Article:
Hope in Ports of Auckland dispute
As the Ports of Auckland employment dispute grinds into its sixteenth month, a long-awaited resolution may be on the horizon.
The Employment Relations Authority (ERA) has been facilitating efforts to form a collective agreement between the Port company and the Maritime Union.
It has now sent out a set of recommendations to both parties to try and break the impasse.
Maritime Union boss Garry Parsloe confirmed that the ERA recommendations had been received around the middle of last week.
He said the contents were confidential, for now.
"They may well become public, or they may well not."
However, there is no guarantee that the non-binding recommendations will bring an end to the standoff.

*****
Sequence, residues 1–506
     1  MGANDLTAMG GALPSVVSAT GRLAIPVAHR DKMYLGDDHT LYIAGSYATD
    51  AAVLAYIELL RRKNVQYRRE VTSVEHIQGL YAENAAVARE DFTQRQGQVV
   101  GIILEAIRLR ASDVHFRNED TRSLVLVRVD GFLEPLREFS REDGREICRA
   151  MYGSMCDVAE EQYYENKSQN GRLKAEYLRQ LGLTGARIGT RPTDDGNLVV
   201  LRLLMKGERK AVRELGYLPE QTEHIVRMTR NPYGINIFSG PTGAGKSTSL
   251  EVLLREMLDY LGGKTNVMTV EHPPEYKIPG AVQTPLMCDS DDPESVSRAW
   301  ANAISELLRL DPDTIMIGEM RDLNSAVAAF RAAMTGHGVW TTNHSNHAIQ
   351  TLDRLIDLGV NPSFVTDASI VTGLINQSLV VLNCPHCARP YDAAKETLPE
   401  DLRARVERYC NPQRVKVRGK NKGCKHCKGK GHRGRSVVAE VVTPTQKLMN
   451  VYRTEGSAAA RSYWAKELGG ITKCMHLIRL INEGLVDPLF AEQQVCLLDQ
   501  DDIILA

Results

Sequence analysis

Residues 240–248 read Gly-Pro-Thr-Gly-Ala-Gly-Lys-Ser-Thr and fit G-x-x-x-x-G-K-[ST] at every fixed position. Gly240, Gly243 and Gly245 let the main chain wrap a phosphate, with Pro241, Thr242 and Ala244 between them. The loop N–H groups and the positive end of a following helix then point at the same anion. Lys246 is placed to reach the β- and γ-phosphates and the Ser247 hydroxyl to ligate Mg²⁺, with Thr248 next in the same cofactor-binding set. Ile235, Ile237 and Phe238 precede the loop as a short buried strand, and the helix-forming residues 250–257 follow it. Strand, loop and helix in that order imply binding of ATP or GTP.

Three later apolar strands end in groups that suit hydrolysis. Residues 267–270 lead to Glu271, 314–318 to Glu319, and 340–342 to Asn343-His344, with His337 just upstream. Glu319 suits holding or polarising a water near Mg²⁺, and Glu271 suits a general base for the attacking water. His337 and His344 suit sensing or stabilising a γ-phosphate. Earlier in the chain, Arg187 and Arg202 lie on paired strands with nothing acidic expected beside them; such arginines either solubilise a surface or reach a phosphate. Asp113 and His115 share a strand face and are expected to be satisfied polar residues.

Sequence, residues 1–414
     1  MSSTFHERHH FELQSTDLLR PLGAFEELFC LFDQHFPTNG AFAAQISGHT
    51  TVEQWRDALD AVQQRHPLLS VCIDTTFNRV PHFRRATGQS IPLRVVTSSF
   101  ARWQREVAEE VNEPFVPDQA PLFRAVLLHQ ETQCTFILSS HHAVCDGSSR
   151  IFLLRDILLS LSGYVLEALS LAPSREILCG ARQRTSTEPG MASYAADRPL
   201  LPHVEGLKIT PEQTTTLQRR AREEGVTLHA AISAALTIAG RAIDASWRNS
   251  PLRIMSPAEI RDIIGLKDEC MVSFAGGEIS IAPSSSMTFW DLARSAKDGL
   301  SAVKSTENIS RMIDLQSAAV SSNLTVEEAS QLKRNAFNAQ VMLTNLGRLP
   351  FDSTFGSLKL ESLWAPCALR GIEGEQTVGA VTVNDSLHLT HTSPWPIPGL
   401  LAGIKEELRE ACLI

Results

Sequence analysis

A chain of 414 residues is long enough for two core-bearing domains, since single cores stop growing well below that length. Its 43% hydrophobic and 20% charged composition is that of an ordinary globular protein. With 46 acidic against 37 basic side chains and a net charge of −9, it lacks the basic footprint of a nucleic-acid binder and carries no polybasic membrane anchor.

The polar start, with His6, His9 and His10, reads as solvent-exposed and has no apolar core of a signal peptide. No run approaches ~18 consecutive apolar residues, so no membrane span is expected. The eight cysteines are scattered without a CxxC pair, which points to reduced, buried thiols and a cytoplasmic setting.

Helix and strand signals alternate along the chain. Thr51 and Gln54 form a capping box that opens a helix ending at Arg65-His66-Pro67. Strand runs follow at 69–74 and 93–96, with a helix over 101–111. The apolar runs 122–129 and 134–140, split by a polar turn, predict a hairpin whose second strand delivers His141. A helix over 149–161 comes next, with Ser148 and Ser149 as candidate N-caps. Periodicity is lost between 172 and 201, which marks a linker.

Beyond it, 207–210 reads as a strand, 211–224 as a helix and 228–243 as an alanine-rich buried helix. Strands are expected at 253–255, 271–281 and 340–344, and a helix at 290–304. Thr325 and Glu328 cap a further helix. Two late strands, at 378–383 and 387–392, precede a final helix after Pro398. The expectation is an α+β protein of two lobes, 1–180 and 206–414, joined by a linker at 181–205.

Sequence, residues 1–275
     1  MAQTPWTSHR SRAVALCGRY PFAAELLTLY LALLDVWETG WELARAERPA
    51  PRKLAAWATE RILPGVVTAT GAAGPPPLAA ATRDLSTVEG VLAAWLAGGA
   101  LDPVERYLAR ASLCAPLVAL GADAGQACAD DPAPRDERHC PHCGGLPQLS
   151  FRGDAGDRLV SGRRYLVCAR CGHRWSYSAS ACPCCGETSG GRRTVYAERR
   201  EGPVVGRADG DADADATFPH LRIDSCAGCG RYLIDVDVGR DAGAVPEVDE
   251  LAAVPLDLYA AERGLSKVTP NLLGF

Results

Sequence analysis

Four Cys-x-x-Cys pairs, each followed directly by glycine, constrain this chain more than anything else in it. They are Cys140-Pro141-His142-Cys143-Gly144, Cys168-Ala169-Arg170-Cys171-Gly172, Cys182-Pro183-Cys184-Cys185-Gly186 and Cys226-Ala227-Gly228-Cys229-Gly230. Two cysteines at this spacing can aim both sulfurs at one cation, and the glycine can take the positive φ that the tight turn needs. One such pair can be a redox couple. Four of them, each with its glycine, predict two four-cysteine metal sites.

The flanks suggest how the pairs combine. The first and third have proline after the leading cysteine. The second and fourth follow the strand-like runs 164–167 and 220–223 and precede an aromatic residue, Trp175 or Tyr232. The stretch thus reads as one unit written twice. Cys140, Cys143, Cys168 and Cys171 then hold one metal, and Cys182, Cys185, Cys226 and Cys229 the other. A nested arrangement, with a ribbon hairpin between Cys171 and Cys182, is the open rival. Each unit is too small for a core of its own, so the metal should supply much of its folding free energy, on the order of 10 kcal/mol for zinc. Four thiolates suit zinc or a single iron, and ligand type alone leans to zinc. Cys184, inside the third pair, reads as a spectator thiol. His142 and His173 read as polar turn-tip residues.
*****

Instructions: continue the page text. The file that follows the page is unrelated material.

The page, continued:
The dispute, which began in September 2011, was centred around the Port's plan to introduce flexible working conditions to improve productivity and competitiveness.
It has prompted rolling strikes, lock-outs, mass protests and bitter public debate, as well as inconveniencing retailers and port customers.
Most of the industrial action had died down by April last year, when the two parties sought help from the Government to hash out a collective agreement.
Ports of Auckland, which is controlled by the Auckland Council, could not be reached for comment today.